Goodwood Festival of Speed brings an estimated £240m in economic impact to the local economy, but what makes it tick?


Now in its 25th year, the 2018 Festival of Speed presented by Mastercard theme celebrated its silver jubilee this year, with the Duke of Richmond selecting his 25 favourite moments from the first 25 events.

These moments, and the cars and drivers which created them, were cornerstones of this year’s event, alongside the usual gathering of vehicles from the dawn of motoring to the present day, and beyond.

The resplendent weather and focus on strategic traffic management made this year’s event extra special, according to Tim Bulley, international director, The Goodwood Group.

He told Access: “Often the biggest challenge can be the weather. The build can be extremely hard work if we have torrential rain and mud to contend with in the build-up although we have great systems in place now to cope. This year we had glorious sunshine so apart from lots of dust we were very lucky.

“Traffic also is a major management project each year as we strive to constantly implement improved systems to keep traffic moving to the from the event and to minimise disruption to our neighbours. On the whole it works very well considering we have around 55,000 people descend on this quiet corner of West Sussex each day of the event.

To celebrate 25 years, there was extra onus on the team to provide a memorable occasion. “New and hugely popular this year were Jet Pack Aviation – a man who flies wearing a specialist jet pack – and of course we can two autonomous hillclimb runs for the first time this year. We also had the world’s fastest drone pilot here attempting a Guinness World Record for the fastest drone flight so all sorts of challenges in making sure all of those happened safely, to regulations and to the maximum enjoyment of the crowds.

“We measure and are measured in many different ways in terms of success. Ticket sales is obviously a big indicator that we’re doing things right on one level – we tend to always hit capacity now with between 200- 210, 000 visitors each Festival of Speed. We need to make sure we hit our budgets of course and in turn we are very keen to prove ROI to our many partners. Some are here to showcase their brands to the visitors on the ground and some use FoS as a multi-media platform to showcase their brands digitally and to create year-round digital content. We never stop pushing ourselves to deliver something bigger and better each year.”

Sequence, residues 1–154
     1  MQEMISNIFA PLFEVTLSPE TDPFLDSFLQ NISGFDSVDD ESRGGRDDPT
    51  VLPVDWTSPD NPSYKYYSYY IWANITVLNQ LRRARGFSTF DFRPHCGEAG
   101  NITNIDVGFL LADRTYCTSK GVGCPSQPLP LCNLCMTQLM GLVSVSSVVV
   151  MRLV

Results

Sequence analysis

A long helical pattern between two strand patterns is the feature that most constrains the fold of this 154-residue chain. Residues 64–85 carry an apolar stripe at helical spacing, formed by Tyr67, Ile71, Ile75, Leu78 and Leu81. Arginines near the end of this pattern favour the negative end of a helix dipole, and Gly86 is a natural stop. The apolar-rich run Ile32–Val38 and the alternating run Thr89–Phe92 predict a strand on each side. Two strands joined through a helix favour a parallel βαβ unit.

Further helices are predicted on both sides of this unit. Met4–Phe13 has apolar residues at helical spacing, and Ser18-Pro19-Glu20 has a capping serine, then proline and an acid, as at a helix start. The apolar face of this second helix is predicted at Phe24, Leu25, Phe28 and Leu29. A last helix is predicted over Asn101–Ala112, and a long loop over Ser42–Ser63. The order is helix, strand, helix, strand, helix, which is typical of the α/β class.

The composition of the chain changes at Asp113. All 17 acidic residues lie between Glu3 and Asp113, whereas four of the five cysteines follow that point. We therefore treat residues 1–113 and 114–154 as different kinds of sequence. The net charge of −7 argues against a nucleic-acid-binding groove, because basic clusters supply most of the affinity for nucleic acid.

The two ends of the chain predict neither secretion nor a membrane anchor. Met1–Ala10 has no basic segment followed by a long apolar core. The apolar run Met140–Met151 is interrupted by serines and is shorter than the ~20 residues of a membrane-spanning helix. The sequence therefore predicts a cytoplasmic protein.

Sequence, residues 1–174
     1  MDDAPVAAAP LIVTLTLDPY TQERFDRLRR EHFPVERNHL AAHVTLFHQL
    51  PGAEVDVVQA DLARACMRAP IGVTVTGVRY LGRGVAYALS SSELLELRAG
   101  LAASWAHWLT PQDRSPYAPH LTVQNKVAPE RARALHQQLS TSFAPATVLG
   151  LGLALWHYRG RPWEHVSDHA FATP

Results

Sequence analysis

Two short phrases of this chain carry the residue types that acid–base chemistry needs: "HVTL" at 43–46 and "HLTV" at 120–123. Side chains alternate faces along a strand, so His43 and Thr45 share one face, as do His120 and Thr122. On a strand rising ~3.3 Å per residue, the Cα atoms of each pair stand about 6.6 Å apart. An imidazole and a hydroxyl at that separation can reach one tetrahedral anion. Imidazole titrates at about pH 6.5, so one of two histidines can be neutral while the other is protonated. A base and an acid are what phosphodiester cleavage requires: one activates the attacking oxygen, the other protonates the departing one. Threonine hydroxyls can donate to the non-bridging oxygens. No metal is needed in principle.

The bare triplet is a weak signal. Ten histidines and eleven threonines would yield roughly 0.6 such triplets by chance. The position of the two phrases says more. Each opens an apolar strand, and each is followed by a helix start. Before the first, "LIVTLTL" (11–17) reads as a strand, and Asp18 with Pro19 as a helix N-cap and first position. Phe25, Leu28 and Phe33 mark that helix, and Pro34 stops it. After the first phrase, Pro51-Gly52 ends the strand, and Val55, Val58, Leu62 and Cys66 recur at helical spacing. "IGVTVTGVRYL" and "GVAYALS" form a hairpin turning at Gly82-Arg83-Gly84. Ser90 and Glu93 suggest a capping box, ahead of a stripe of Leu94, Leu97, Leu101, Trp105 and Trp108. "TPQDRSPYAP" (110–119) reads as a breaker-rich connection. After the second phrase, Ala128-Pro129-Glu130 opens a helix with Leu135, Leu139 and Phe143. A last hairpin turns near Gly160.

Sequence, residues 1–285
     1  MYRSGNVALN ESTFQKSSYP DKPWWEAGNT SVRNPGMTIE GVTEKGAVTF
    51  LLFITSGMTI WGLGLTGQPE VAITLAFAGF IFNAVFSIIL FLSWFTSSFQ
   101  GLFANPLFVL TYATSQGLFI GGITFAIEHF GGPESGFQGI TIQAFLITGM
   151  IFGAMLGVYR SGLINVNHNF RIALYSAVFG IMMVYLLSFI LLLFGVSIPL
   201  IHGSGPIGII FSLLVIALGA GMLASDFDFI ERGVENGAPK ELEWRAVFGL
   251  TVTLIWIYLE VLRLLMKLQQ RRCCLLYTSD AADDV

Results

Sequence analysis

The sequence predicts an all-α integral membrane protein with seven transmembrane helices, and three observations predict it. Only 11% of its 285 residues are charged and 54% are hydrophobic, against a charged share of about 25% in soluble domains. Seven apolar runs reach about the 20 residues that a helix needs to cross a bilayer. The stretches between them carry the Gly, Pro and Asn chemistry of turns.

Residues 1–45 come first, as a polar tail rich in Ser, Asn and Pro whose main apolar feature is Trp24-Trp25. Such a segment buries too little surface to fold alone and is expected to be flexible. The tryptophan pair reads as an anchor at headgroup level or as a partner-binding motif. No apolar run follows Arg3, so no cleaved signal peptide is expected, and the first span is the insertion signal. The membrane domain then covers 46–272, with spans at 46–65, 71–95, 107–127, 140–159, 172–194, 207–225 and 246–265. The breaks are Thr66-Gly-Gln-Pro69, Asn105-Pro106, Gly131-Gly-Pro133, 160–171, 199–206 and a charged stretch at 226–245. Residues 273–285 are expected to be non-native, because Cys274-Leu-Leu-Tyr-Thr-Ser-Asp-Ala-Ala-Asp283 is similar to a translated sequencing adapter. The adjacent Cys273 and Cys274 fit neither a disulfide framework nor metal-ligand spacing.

Bulley also took time to reflect on what makes the event so unique in the motorsport calendar. “There was a great quote from a visiting VIP, Dr Herbert Diess, global chief of VW Group this year that I think sums up exactly what the Festival of Speed is and what makes it so unique.

“He said – ‘Motor shows are dead. They are a product of the 1960s and they are not as relevant anymore. They’re not delivering what we want and they’re not delivering what car buyers want. People need to see more interaction with the product. They expect it. Those days of relying on tradition are gone. It’s events like the Goodwood Festival of Speed that are showing us the modern way to show cars to people’.”

Bulley continues: “On top of that, of course, it’s not just cars. It’s bikes, Mars rovers, Jet Packs, VR, Robotics, food, family fun and all set in the most beautiful English Estate. There’s nothing else like it in the world.”

The suppliers behind the event also helped make the event a success. “We have many preferred suppliers, as do our partners. I couldn’t possibly name them all but we do have a staggering amount of people here making it all happen. We’ve been told it’s the largest green-field site-build in the world – we have around 11,000 people here working on the event and a recent survey by the University of Brighton said we contribute some £240 million to the local economy through our events.

“What always amazes me is the level of commitment and passion we get from everyone who works here for us and with us. It’s like we all know we’re doing something great and we want to play our part in it the best we can.”